Everyone wants to be that house. You know…the one in the neighborhood with the impossibly lush green lawn? The reality is that attaining such a status requires thoughtful planning, a lot of hard work and consistent maintenance. Read on for some tips that will put you on the path to an improved yard, no matter what condition your lawn is currently in. Get ready to go outside, get your hands dirty and inspire a little green envy of your own!
1. Have your Soil Tested
First things first, you need to know what you’re working with! Soil is the basis of a healthy lawn. Your lawn requires several nutrients for growth and the soil provides a reservoir for these nutrients (which need to be replenished from time to time). Testing your soil will determine what type and quantity of fertilizer is needed for your lawn to grow. This process will help you avoid the over-application of fertilizers, which can pollute water resources, reduce the quality of your lawn and waste money. The results of a soil test help to customize fertilization to meet your lawn’s need and help to safeguard the environment.
2. Fix Bare Areas
Bald is not beautiful when it comes to your lawn…and unless you repair those spots, they may continue to grow! Repairing unsightly bare patches in your yard is a simple project you can do yourself. Seeds will grow once the ground temperature warms to about 55 degrees or when daytime temps reach about 65 to 70 degrees. Making sure you have adequate seed-to-soil contact will ensure quicker seed germination. To do this, use a sharp spade or shovel and cut the area around the dead spot and lift it off. Fill in the area with clean topsoil to make up for the grass and thatch you removed and to level out the area with the rest of your lawn. Go over the area with a rake to smooth it out, making sure there are no large clumps in the soil. Spread a thin layer of grass seed on the topsoil and gently rake it in. Cover the area with straw to retain moisture and protect the seeds from birds. With regular watering, germination should start happening within 10-14 days.
3. The More You Mow
Keeping your grass taller results in a healthier lawn. It’s understandable that mowing the lawn may not be your favorite leisure time activity. And it even makes sense that to save time, you may be tempted to mow a little shorter, to stretch out the time between. However, it’s not the best idea, and here’s why: it can damage your grass and allow weeds to set root. It will also require more water to keep it healthy and shorter grass is more insect-friendly. Experts recommend that you mow every 1 to 1 ½ weeks, never cutting more than a third of the grass blade to maximize healthy growth. A general rule of thumb for the types of grasses we have here in the Midwest is about 3 inches. Another suggestion, if the tips of your grass blades are brown and jagged, it means your grass is stressed and it’s time to sharpen your mower blade. The final tip on mowing, instead of bagging your clippings, set your mower to mulch. It’s best to leave your grass clippings in your lawn after mowing as those clippings end up back in between the grass blades, decompose and add important nutrients to the soil. If this is not your favorite idea, an alternative is to collect your lawn clippings and place them into a compost pile, which can be spread later.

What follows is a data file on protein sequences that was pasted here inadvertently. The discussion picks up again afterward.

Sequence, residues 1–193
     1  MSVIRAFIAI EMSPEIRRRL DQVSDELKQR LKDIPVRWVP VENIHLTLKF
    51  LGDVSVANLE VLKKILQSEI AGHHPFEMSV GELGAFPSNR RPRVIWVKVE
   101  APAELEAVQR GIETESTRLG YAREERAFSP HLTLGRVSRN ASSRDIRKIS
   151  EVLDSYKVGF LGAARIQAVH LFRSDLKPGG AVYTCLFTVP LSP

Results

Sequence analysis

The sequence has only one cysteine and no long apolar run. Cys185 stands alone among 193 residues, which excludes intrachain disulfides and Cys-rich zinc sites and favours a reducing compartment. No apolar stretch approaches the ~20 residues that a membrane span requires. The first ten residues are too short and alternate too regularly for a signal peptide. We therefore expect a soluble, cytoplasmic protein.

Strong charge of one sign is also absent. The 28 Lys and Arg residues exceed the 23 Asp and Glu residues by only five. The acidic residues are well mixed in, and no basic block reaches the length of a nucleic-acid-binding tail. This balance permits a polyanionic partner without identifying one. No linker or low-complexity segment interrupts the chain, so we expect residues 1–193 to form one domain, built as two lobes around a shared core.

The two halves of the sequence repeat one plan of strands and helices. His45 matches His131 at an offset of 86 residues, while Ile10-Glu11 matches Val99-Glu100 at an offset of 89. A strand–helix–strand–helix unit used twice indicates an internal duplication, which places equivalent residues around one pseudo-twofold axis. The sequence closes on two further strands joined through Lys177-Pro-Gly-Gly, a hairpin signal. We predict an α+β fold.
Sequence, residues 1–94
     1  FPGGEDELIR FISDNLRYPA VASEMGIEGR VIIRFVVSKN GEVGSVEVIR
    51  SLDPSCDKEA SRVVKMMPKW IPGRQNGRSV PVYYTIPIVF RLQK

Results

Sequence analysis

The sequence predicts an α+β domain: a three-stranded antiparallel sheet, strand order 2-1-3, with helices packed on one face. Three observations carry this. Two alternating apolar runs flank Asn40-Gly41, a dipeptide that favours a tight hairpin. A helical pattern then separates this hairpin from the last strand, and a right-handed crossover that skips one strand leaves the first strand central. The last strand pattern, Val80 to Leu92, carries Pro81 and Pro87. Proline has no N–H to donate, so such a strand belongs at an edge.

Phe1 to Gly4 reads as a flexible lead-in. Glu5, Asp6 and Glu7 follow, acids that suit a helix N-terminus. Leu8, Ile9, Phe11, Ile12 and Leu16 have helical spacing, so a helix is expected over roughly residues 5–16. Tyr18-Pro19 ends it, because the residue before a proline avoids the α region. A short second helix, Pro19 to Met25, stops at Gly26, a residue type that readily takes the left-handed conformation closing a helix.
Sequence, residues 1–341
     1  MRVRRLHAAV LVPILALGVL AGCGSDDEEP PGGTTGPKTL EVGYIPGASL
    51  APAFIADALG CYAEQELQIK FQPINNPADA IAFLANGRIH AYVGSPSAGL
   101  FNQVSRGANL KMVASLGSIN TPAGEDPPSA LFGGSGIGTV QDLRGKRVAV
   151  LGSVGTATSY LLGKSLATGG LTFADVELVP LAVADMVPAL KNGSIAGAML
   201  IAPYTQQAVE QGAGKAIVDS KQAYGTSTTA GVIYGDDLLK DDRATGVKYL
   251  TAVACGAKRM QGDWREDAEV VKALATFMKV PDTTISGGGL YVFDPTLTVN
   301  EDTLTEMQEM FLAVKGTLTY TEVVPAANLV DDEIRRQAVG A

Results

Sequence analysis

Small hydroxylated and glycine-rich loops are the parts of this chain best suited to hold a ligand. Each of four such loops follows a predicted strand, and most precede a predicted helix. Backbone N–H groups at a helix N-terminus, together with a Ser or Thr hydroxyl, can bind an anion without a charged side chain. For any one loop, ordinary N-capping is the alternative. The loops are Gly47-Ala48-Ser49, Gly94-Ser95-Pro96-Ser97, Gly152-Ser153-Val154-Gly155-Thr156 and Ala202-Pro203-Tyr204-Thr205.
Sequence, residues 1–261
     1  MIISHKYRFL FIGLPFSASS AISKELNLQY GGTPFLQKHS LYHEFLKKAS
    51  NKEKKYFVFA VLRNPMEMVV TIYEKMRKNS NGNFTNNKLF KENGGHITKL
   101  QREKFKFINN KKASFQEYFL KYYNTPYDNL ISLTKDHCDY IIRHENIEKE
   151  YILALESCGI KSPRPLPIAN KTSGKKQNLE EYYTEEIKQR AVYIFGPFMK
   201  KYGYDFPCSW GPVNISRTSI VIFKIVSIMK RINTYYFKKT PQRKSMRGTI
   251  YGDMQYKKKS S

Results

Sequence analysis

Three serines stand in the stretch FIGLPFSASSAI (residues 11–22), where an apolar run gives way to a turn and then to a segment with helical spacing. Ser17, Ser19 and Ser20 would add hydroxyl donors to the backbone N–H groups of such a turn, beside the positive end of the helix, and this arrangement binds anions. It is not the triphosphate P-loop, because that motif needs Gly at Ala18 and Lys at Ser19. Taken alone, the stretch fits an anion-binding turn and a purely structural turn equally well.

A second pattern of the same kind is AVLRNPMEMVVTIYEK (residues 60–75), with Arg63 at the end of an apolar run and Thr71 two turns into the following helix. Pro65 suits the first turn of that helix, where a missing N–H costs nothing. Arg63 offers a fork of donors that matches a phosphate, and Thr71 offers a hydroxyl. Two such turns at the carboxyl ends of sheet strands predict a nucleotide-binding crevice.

4. Give Your Lawn a Drink
Lawns get thirsty! Grass is a resilient plant and overwatering can cause more damage than lack of water, so moderation is key. Most grass can handle dry spells, but not flooding. Turf grasses require 1 to 1 ½ inches per week, including rainfall. This amount will provide adequate hydration for healthy growth (depending on the heat and sun exposure of course). You can invest in a rain gauge to measure the amount of moisture your lawn is getting or you can use an empty soup can next to a sprinkler to monitor watering. It’s time to turn the sprinkler off when there is about ½ an inch of water in the can. The best time to water is in the early morning. Water will trickle down into the soil and not remain on your grass for a prolonged time. Watering at night can result in water sitting on the blades which can lead to fungus growth and provide a hospitable atmosphere for insects.
5. Maintain, Maintain, Maintain
Your soil has been tested, the bare spots are filled in, you have your mowing and watering under control, what’s next? Timely feeding and weed control. You need to feed your grass to encourage a dense, healthy green lawn, but don’t want weeds competing for the nutrients. That’s why fertilization is so important. It adds much-needed nitrogen, a lawn’s best friend and helps give weeds the boot. Keep in mind that fertilizers are chemicals, and too much of a good thing could burn your lawn, killing your grass and leading to brown spots. Where do you get the information you need to fertilize properly? You could snap a picture or two or your lawn and head to the garden center of your local home improvement store to see what products and methods of application they recommend. For the cool weather grasses here in Michigan, heavier fertilization happens in the fall, with a winterizing formula that promotes root growth, aids in recovery from foot traffic and pest damage and ensures a quicker greening of your lawn in the spring. Typically, a lighter application is done in early spring, before the onset of hot summer weather. You can certainly make this a DIY project, or you can leave it to us. Our team can tackle treatments and applications to ensure your lawn is in tip-top shape.
A healthy, lush lawn is the cornerstone of an attractive landscape. When you follow the guidelines here (or even easier, let us to handle it), you’re on your way to achieving the lawn of your dreams. This is the year to make your lawn green, and the neighbors green with envy.
Interested in finding out more about our maintenance programs? Drop us a line…we’d be honored to meet you!